Quick Hitters from North Carolina’s 98-76 road loss to Wake Forest on Saturday evening.
- Right out of the gate, let’s put these back-to-back losses to Miami and Wake Forest in historical perspective. Carolina lost by 28 to Miami and 22 to Wake Forest, a combined margin of defeat of 50 points. The last time UNC lost back-to-back games by a combined 50 points was almost exactly 20 years ago (Sunday, Jan. 23 marks precisely two decades). On January 19 and 23, 2002, Carolina lost to UConn, 86-54 (32 points), and NC State, 77-59 (18 points), for a total combined deficit of 50 points.
- Let’s take it one step more: the last time UNC lost by more than 50 combined points in back-to-back games was earlier that same miserable 2001-02 season. On January 5 and 9, 2002, Carolina lost to Wake Forest, 84-62 (22 points), and Maryland, 112-79 (33 points), for a total deficit of 55 combined points. Yikes.
- Carolina had a great opportunity to pick up their first Quad 1 victory of the season tonight and just didn’t have it. Since winning their first two ACC road games, the Heels have come out rather flat in each of the next three. Thankfully, each of the next three games are at home where the Heels are undefeated this season.
- This was the first game in a stretch of four games in eight days (also six games in 15 days). The result was an undesirable start to that run, but hopefully the Smith Center will cure the ailments.
- The perplexing thing is that after the embarrassment at Miami earlier in the week, it stood to reason that UNC would come out guns blazing tonight. To put it succinctly: they didn’t.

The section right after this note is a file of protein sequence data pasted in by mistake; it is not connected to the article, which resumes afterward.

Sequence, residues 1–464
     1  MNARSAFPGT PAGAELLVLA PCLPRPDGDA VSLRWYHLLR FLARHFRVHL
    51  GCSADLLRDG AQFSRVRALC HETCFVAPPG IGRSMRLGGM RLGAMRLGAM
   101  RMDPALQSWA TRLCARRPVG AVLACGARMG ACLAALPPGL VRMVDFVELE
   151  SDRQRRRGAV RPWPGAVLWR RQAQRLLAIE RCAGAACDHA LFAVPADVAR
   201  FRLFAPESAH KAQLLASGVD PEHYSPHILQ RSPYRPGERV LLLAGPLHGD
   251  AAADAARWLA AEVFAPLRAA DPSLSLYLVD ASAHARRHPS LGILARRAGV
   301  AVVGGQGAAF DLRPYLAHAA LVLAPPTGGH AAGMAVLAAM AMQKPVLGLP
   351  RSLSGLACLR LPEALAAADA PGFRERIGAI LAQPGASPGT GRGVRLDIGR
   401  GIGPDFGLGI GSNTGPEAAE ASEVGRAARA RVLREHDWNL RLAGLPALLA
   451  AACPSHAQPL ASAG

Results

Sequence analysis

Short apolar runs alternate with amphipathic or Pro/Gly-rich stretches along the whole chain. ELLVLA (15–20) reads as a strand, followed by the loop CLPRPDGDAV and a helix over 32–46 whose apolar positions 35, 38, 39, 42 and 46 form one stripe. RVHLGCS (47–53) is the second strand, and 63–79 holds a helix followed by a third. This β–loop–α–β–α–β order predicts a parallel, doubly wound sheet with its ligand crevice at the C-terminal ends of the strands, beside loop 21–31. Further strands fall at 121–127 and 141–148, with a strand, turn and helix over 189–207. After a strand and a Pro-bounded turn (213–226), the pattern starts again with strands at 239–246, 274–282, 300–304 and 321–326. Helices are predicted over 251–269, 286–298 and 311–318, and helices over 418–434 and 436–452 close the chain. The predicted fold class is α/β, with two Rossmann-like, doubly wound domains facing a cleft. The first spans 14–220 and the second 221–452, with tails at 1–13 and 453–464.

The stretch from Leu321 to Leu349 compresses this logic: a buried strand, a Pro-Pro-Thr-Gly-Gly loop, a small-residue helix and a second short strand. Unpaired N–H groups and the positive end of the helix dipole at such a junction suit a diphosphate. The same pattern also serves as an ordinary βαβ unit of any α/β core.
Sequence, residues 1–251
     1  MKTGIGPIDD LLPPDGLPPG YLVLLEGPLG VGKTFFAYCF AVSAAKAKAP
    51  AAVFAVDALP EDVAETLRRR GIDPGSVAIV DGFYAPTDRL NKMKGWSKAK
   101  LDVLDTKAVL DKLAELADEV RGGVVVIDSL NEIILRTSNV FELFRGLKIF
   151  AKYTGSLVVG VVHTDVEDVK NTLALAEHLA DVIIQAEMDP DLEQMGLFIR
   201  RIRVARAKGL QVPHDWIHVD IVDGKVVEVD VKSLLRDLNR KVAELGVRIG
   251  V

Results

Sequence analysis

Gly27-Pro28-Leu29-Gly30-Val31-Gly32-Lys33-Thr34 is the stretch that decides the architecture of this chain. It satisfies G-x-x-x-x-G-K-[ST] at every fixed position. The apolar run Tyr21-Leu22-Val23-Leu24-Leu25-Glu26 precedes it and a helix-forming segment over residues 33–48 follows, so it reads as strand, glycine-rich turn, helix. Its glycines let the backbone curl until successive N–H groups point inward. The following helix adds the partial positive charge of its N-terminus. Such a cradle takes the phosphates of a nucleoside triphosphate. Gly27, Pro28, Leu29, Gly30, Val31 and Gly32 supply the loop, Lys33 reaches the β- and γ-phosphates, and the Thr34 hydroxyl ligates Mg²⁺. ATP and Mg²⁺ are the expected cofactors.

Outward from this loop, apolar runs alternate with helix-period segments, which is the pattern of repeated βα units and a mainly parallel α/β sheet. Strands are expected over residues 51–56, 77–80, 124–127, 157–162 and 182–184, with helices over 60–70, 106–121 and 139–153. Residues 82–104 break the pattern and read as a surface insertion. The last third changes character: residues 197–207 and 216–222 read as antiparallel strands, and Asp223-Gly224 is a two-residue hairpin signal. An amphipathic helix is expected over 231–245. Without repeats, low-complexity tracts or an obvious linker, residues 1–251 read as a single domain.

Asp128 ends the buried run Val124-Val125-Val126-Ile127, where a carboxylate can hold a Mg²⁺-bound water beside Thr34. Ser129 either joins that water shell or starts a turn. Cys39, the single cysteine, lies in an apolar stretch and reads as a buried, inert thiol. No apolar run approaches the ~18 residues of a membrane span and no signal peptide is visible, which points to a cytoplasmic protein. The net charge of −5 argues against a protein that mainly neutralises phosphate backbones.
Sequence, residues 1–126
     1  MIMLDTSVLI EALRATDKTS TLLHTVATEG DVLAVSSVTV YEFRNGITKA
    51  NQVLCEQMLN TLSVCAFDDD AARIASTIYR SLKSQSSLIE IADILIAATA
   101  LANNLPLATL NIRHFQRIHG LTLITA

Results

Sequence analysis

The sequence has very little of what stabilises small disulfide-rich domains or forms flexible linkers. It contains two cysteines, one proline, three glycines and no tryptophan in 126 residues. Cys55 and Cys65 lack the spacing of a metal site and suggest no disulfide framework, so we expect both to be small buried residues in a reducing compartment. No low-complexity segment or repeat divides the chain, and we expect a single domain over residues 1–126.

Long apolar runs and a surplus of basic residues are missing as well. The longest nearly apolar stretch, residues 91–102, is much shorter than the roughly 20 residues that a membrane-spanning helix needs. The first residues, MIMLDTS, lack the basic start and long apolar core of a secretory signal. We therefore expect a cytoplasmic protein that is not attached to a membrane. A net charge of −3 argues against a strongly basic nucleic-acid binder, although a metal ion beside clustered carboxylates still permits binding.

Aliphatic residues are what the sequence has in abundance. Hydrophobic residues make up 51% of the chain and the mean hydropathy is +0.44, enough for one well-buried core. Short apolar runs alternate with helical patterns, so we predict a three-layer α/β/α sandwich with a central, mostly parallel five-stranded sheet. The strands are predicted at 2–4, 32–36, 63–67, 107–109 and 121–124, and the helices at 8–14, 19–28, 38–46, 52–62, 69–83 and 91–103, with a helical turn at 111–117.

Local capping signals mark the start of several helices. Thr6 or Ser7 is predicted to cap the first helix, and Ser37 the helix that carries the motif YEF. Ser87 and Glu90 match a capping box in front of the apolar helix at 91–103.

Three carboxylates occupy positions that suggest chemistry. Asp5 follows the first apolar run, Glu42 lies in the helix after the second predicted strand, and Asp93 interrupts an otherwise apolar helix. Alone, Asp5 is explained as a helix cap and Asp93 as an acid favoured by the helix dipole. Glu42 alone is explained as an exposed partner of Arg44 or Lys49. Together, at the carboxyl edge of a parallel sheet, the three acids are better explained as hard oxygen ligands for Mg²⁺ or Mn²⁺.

- You’ve likely heard, but Carolina has announced that Anthony Harris is officially out for the remainder of the season. The official verbiage is that he is “unavailable to play for the remainder of the 2021-22 season”.
- With Harris out, Puff Johnson (in his third game back from injury) was the first sub off the bench tonight. Johnson played almost 13-and-a-half minutes, scored his first points of the year, and got on the floor after a loose ball.
- While Harris is unfortunately out, it was good to see assistant coach Sean May back on the bench.
- Tonight was a battle of former Oklahoma Sooners, both of whom performed rather well. Wake’s Alondes Williams (the ACC’s leading scorer and assist man) dropped in 23 points to go along with three assists, just one turnover, six rebounds, three blocks and a steal. Brady Manek was just one off of that scoring pace, leading the Heels with 22 points, while adding eight rebounds and three steals.
- After suffering an injury in the waning minutes against Miami, Armando Bacot was able to start and played 25:18. That number would likely have been higher were it not for first half foul trouble limiting Bacot to just 12:15. The fewer minutes might work out favorably for the junior center though, since Coach Davis will need to rely on him in the truncated schedule over the next week.